ERSKINE, Minn. — Rydell and Glacial Ridge National Wildlife Refuges will host the annual Christmas Bird Count on Thursday, Dec. 17.

Administered by the National Audubon Society, this public event is the longest-running citizen science bird project in the U.S., and this year marks its 121st year. Counts are held in designated areas throughout the U.S. between Dec. 14 and Jan. 5 each year.

According to a release, information from the counts provide important information on winter ranges of birds, population trends and how a changing climate alters winter bird distribution.

“Although most of the migratory birds that breed in the area have headed south by now, this count provides a unique opportunity to observe a number of Arctic-breeding species that consider northern Minnesota their 'warm' winter haven,” the release said.

Last year, counts were completed in more than 2,500 locations, including Canada and Latin America. More than 75,000 people participated in the counts and over 50 million birds were tallied.

Newsletter signup for email alerts

On the Rydell and Glacial Ridge Count Circle, participants have observed 50 different bird species over the past five years, including northern shrikes, Bohemian waxwings, northern goshawks, pine and evening grosbeaks, hoary redpolls and snowy owls.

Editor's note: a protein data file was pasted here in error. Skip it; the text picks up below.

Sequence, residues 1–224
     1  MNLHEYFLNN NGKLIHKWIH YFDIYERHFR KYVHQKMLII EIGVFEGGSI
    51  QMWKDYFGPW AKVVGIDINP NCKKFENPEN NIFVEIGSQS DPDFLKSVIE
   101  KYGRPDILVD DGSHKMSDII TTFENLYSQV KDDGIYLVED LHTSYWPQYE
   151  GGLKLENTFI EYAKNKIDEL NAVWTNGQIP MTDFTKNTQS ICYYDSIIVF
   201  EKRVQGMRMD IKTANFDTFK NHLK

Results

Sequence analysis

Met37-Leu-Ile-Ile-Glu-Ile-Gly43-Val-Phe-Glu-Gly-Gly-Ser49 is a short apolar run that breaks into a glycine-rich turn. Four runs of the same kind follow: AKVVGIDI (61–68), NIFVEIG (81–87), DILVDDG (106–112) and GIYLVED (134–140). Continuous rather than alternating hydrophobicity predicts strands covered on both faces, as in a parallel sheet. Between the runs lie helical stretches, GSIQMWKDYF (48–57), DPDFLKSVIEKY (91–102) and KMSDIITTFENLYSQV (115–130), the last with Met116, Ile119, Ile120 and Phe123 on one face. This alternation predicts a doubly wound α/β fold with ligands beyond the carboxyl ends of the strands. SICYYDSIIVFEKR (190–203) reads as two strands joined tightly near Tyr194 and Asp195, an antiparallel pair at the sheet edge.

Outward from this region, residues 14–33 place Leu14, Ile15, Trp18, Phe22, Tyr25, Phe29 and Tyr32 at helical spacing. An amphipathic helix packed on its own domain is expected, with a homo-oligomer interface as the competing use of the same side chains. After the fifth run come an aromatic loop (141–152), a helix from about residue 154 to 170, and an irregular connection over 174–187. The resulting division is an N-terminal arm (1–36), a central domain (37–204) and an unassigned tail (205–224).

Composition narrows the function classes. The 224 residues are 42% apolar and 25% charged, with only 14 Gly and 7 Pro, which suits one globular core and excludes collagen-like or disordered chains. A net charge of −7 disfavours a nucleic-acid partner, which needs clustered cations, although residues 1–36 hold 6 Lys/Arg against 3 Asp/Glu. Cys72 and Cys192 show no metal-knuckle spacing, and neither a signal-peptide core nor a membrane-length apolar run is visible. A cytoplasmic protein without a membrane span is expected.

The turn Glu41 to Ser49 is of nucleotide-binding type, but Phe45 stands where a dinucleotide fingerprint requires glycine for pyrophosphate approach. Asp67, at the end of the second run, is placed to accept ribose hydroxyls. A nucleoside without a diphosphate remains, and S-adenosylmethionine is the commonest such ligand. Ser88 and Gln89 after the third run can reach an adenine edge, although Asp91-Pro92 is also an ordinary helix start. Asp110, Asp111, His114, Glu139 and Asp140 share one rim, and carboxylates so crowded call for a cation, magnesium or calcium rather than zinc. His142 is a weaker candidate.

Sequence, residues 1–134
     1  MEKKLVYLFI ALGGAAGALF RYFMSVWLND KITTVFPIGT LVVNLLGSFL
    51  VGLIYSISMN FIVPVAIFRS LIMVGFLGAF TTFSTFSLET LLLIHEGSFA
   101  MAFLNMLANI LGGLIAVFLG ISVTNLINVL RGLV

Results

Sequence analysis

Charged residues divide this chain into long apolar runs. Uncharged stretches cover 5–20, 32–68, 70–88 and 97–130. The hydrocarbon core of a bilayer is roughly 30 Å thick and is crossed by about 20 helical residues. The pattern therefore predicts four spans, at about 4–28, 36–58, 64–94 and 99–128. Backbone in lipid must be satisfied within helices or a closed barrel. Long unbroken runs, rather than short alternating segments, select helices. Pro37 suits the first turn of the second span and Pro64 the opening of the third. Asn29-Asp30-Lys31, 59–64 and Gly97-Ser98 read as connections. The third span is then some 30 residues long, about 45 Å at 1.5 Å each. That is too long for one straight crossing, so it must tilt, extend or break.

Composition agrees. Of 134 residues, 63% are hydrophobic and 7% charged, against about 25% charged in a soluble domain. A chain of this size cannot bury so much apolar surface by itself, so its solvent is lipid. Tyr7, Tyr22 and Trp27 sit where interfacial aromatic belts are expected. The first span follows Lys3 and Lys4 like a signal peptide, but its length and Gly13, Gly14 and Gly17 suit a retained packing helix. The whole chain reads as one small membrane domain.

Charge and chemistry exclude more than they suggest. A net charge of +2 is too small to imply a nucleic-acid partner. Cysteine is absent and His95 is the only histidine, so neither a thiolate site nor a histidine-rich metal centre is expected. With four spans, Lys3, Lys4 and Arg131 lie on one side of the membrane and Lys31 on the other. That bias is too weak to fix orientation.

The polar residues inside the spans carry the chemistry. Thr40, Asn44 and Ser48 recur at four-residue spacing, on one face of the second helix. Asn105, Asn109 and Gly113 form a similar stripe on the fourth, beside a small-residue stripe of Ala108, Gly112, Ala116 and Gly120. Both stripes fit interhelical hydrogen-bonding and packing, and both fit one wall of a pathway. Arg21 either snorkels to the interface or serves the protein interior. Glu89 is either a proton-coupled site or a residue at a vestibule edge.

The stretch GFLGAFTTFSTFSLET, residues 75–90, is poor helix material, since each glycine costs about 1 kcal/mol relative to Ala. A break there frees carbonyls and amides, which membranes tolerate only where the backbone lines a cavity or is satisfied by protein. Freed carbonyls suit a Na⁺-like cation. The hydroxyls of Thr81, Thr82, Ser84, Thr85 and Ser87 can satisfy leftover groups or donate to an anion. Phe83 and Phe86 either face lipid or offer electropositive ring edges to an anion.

The 15-mile diameter count circle stretches from Erskine west to the center of Glacial Ridge Refuge.

However, due to the COVID-19 pandemic this year, participants will count independently, rather than pairing up with Refuge staff and volunteers as they have done in past years.

Binoculars and a bird book are the only required equipment. Participants can count from a vehicle or on foot, depending on their preference and the weather conditions that day.

And people who live within the Rydell and Glacial Ridge Count Circle can even participate by reporting bird sightings at feeders from the comfort of their own home.

“Those interested in participating do not need to be expert birders. The event can serve as a great learning experience for beginning birders,” the release said. “During the challenging times we’re all experiencing, we’re hoping this event will provide a neat outdoor opportunity, whether you’re an adult looking for a new experience, or a student engaged in distance or hybrid learning.”

If interested in taking part in the count, RSVP no later than Dec. 15 by calling Gregg Knutsen at 218-686-4329 or emailing Knutsen can also be contacted for any questions about the count, including whether one’s residence lies within the count circle.

A map of the count circle location and a data form will be emailed to each participant.

The count coordinator will communicate with participants to see what additional resources they might need (such as a list of birds seen on previous Rydell and Glacial Ridge counts, or links to online bird identification sites) and determine what part of the count circle participants will focus their efforts on.

After the count, participants can email their data to the count coordinator.